Is It Just In The Mind, Or Is It Real?
Lovecraft by Hans Rodionoff, Enrique Breccia, and Keith Griffen is an evocative graphic novel paying homage to the master of horror himself. I must admit in my opinion, bringing anything Lovecraftian into any sort of visual medium loses something in translation, but that doesn’t mean that I don’t appreciate this particular interpretation.
In this fictional biography, Lovecraft is an odd lantern-jawed child coddled by his mother who dresses him up like a girl. His grandfather fills his head with scary stories and his father goes mad–ultimately ending up in an asylum. It’s then that Lovecraft discovers the Necronomicon to which he feeds sacrifices of small animals and unwittingly unleashes monstrosities.
In his adulthood, he’s still plagued by these horrors, but manages to write all of them down as stories to be sold in magazines. He falls in love with Sonia, an older woman, but his happiness is marred by his visions and his mother’s subsequent breakdown after reading the Necronomicon which he left at her house. When Sonia implores him to take her into his confidence, to tell her what is constantly troubling him, the narrative takes a turn for the truly bizarre and one can’t help wonder, in the context of the story, what is real and what is imagined.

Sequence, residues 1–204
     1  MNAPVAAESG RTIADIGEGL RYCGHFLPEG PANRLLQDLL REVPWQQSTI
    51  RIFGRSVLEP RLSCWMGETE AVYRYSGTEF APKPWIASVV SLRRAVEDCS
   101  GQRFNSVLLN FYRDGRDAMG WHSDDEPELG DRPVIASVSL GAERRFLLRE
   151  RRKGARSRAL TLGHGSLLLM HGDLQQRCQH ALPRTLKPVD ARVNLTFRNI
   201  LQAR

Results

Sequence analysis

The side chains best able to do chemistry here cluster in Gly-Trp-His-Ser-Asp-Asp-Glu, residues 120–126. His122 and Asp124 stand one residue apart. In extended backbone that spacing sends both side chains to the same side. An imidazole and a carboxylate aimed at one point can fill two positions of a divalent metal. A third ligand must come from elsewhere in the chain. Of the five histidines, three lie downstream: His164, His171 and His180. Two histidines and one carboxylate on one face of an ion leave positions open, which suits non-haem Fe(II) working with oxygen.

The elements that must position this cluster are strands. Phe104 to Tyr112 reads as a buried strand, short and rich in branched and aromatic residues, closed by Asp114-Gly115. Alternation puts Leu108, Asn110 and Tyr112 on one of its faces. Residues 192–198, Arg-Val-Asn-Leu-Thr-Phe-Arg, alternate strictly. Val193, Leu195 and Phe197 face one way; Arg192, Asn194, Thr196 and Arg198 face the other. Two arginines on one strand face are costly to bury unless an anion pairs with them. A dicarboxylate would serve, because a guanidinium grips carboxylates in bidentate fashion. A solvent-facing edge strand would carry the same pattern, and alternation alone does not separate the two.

The illustrations are in a dreamy watercolor style–the color palette far from the garishness of conventional comics. Instead, it has a sepia wash to it. Any bright color will immediately draw the eye to something peculiar and disturbing. My favorite parts were the splash panels, especially the ones depicting the nightmarish landscapes of Arkham. I’m particularly amused by the fat gelatinous-looking creatures with too many teeth yet dressed to the nines lurking about in the main character’s periphery. Perhaps they symbolize humanity’s vicious greed, thinly cloaked in civility?
This graphic novel is definitely worth a look-see. But one must remember that this is a story; anyone expecting facts etched in stone or a treatise on Lovecraft’s political views and philosophies will be disappointed. It’s more thought-provoking than terrifying, but I’d probably only recommend this to high school age kids and up.